Re: My take on the woody

    Post by pedrocols on Sat Sep 10, 2016 6:50 pm

    Nice!

    bluemeanies

    Posts : 129
    Join date : 2015-02-09
    Age : 66
    Location : Folsom Pa.

    Re: My take on the woody

    Post by bluemeanies on Sun Sep 11, 2016 9:57 am

    Nice indeed! 
    It's an all togather different look. If one did get tired of the metal look you have options. Vice versa you can always go back to metal.

    I am assuming Legrace for the wood you just used longer screws.

    LeGrace

    Posts : 92
    Join date : 2016-08-07

    Re: My take on the woody

    Post by LeGrace on Sun Sep 11, 2016 5:25 pm

    I counter bore the holes, so the standard screws still work. Now looking into incorporating a push button on/off. I see some nice looking chrome finish ones on Amazon that additionally feature 12v LED accent lighting. Wondering how to power the LED. Bob tells me I can tap 6.3 v off the tube sockets, but I wonder if this will be enough. Suggestions?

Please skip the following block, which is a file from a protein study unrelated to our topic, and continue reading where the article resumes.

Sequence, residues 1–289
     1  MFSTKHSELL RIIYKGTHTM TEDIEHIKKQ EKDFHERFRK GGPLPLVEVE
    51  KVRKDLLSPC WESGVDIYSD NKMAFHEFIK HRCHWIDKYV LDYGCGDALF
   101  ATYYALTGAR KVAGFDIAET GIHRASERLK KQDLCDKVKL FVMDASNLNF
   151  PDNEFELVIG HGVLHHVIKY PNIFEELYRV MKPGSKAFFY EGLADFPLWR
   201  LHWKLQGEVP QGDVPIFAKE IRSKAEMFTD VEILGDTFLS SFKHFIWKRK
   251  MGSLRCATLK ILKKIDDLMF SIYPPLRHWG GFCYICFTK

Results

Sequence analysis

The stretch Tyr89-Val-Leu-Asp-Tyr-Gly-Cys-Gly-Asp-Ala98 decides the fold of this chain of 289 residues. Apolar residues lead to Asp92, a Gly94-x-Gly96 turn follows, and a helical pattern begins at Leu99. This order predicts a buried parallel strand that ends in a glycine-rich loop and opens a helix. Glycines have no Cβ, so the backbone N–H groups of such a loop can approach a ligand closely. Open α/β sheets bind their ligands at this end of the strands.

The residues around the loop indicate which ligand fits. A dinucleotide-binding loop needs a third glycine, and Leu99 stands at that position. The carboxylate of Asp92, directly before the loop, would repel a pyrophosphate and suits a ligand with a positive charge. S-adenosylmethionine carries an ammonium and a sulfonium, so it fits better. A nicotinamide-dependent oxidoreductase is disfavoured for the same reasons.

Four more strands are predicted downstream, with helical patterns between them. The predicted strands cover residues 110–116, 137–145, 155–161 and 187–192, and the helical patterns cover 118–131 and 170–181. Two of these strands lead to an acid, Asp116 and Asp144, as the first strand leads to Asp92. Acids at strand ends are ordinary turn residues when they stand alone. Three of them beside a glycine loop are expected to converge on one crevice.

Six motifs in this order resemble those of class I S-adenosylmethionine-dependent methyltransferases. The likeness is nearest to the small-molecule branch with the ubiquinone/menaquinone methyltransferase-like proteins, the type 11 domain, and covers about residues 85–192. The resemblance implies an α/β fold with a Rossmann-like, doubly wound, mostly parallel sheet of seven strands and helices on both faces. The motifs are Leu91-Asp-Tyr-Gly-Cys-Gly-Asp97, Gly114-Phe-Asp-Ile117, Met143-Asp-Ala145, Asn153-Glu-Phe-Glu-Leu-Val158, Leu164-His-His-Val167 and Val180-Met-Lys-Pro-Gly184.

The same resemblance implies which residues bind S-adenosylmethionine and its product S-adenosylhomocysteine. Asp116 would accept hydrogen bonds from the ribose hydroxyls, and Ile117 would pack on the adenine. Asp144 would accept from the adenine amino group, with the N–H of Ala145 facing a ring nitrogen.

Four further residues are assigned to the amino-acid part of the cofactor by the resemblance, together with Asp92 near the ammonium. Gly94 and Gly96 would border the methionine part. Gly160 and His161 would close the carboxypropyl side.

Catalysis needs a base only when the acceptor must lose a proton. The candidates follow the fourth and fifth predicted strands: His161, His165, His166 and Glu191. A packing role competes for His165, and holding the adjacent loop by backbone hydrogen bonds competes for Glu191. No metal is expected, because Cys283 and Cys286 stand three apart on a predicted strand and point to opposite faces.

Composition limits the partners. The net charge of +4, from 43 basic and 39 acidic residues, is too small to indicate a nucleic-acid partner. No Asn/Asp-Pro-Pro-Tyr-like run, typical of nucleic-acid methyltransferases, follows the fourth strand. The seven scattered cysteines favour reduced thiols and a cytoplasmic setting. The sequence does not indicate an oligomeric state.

vtshopdog

    Posts : 69
    Join date : 2015-07-11
    Location : UT, USA

    Re: My take on the woody

    Post by vtshopdog on Mon Sep 12, 2016 1:45 am

    I used a push button LED switch on a chip amp build a couple of years ago.  I had really poor luck with quality on several units and the switch became a total PITA in an otherwise straight forward build.   Eventually found this one that is quite robust and good quality: